The Neuroscience Students
I have been teaching neuroscience course at the University of Guelph-Humber since 2015 and every year students ask me about how to get more involved in my neuroscience work. Well, starting in the winter of 2019, I decided to take on 3 students to work as my podcast assistants with a specific goal of producing neuroscience episodes.
Listen to The Episodes Here
Chris M. Schiafone
In 2017, as part of my core courses for the program, I was required to take a class in Neuroscience. I was not sure how well I would do at it, as I had never explored this area, but knew that it was going to be very detailed and utilize diagrams to illustrate concepts—which posed a bit of a challenge as I am totally blind. As I progressed through the material, primarily using sound and touch to guide my learning, I realized that I was quite interested in what was being presented and chose to pursue further knowledge in the field.
While my classmates were reading charts and looking at diagrams of the human brain, neurons, and the systems of the human body, I was learning these concepts through tactile models of a neuron, as well as a model of a human brain that could be broken down into many pieces. Additionally, one class activity had me making models of a neuron out of candy. I had learned that the University at one point was enquiring about getting a human brain that was donated to science, but for some time, I did not hear anymore information around this.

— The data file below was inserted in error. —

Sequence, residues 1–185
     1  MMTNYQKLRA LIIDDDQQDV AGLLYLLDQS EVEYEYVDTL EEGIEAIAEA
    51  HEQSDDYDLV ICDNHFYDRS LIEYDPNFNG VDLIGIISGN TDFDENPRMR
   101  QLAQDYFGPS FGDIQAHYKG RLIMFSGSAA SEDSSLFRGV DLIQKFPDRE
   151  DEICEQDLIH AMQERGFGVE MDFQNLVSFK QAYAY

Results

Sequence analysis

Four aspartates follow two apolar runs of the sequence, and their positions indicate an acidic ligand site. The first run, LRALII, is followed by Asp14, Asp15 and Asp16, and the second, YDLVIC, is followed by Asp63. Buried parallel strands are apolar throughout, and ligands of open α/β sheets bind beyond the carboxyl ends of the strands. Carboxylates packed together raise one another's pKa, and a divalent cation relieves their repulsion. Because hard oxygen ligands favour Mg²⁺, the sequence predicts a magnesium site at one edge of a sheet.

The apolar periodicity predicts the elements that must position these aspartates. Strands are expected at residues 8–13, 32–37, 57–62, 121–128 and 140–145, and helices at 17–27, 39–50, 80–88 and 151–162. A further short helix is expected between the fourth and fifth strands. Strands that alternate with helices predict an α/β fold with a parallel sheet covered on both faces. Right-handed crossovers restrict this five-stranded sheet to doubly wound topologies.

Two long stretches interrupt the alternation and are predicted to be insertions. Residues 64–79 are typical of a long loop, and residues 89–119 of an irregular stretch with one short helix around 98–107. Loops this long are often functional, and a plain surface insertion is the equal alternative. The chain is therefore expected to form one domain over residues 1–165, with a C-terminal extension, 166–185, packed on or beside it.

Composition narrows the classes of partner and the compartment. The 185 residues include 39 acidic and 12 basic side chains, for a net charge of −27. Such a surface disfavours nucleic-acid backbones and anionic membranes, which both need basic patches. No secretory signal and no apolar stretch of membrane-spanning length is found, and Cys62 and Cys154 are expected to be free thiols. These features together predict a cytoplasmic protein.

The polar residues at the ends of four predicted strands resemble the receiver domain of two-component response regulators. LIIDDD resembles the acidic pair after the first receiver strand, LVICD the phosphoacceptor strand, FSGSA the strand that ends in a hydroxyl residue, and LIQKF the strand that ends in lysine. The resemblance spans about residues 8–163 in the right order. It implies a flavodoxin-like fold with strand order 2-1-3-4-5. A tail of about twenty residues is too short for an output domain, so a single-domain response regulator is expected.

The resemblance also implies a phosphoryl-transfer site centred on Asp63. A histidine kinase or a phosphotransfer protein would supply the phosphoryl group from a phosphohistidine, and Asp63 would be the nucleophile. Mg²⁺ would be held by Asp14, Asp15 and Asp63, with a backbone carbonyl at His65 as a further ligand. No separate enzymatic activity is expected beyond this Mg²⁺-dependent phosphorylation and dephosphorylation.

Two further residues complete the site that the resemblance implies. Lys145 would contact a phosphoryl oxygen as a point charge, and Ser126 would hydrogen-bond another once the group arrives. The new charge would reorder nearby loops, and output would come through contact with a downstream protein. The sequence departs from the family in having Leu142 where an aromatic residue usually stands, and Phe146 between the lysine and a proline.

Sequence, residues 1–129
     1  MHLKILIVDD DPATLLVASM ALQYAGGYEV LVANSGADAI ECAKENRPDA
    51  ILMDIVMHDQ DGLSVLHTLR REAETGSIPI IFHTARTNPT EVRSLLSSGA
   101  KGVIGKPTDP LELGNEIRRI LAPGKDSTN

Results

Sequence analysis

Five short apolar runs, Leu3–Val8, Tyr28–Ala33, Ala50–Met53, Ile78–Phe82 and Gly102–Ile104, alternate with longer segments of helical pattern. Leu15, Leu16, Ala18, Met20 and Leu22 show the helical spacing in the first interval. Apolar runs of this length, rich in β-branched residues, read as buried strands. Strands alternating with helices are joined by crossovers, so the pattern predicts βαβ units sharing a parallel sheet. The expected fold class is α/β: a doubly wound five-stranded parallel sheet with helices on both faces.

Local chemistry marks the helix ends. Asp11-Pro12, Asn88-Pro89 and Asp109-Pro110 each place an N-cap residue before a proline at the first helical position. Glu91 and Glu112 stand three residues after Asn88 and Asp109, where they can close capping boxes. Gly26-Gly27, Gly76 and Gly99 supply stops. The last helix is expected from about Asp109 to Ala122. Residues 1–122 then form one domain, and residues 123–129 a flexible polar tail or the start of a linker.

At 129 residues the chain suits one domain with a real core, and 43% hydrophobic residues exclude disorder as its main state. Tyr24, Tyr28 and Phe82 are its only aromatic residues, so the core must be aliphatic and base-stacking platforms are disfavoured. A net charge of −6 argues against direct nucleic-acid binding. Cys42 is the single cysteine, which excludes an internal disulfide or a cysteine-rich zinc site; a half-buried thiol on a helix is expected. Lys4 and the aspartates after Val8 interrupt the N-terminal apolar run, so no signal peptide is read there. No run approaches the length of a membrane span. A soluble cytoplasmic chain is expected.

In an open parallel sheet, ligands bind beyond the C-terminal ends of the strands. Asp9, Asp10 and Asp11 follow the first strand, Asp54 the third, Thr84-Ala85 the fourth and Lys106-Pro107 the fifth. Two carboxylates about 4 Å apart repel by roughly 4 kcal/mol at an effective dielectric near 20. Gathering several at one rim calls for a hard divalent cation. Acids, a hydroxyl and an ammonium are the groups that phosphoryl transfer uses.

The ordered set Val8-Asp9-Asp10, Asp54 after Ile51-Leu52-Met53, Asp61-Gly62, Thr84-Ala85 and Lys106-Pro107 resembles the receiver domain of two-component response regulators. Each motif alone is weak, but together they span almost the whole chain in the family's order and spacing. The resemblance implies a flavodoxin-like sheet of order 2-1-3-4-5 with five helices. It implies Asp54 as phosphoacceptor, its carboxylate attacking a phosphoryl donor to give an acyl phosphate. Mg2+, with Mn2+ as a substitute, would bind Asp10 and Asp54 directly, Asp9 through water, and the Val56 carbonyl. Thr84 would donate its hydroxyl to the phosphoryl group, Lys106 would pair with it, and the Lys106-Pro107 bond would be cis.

One day during a lecture, it was announced that the brain was being made available for observation. When the time came, my professor approached me and asked me if I wanted to hold it…. I was excited to do it, but at the same time was not sure because this was a new experience for me, and I was unaware of what was being placed into my hand once that glove went on. But, I did it, it was one of the most interesting experiences I have had as a person who is blind. While I observed with my finger, moving around to study the shape, texture and tactile differences, my classmates stood around and observed visually.
I’m currently in 3rd year of the Psychology program at the university of Guelph-Humber. I’ve always had a passion for science and I’ve been incredibly fascinated by the human brain and it’s potential for incredible feats. My interest in neuroscience stems from that very passion and the desire to gain a better understanding of myself, the people around me and how our perceptions shape our world. I hope to make valuable contributions to the field of study that I hold dear in some way and having the opportunity to be an assistant podcaster at the Centre of Applied Neuroscience is one of the first crucial steps towards my aspirations for the future.
I am a third year student at the University of Guelph-Humber earning a bachelors of applied science in psychology. After taking a neuroscience class, I discovered I am fascinated and intrigued by the many discoveries and mysteries in the field of neuroscience. I applied for this position, as I believe that having discussions is crucial to aid in propelling scientific research, to gain a better understanding of the many underlying mechanisms, structures, systems and processes within our brains. This experience increases my knowledge and understandings of how our brains work, and its control and impact on our daily lives. Applying this knowledge is incredibly important, as my ultimate goal is to earn a doctorate in medicine, specializing in psychiatry.